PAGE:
52. + Chapter 17 Beverage Sales Control Principles of Food, Beverage, and Labor Cost Controls, Ninth Edition

53. +  Optimize the number of sales  Maximize profit  Control revenue Objectives of Beverage Sales Control

54. +  To socialize  To conduct business  To eat  To enjoy entertainment  To kill time Reasons That People Patronize Beverage Establishments

55. + Market segment: Subgroup of potential patrons with similar characteristics Dram shop laws: State statutes that hold the serving establishment and the server financially liable for damages to third parties resulting from the serving of alcoholic beverages to intoxicated customers Automated bar: Computerized device for dispensing beverages and simultaneously registering sales Important Chapter Terms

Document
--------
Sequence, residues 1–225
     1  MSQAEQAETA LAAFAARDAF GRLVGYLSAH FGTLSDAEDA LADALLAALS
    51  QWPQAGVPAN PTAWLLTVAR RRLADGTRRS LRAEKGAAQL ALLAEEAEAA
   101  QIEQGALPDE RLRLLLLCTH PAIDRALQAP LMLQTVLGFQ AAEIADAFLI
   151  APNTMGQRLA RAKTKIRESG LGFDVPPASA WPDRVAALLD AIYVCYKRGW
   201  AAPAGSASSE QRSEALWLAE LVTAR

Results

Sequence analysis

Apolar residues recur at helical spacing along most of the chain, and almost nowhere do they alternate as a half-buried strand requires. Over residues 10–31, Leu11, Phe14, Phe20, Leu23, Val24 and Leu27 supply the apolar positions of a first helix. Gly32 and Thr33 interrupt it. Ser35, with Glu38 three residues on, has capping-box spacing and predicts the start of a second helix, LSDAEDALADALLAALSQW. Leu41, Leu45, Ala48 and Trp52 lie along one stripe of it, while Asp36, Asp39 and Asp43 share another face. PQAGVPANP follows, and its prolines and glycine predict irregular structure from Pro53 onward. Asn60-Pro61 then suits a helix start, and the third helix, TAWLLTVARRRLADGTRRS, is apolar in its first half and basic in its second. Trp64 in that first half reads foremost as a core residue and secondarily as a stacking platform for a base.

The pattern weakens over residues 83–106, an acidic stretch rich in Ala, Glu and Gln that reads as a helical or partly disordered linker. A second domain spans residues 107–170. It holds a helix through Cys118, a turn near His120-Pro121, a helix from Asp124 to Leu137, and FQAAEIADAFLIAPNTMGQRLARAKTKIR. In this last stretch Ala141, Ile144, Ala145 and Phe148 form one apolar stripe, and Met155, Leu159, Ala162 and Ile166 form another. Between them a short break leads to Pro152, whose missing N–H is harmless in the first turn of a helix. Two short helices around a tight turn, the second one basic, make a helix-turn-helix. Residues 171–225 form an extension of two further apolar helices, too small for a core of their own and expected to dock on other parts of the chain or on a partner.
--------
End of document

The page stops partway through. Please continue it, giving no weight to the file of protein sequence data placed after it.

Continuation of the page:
56. +  Establishing drink prices that will maximize gross profit  Influencing customers’ selections In Beverage Operations, Profit Maximization Is Accomplished by:

57. +  Working with an open cash drawer  Under-ringing sales  Overcharging customers  Undercharging customers  Overpouring  Underpouring  Diluting bottle contents  Bringing one’s own bottle into the bar  Charging for drinks not served  Drinking on the job Unacceptable Bartender Work Habits © John Wiley & Sons, Inc. 2009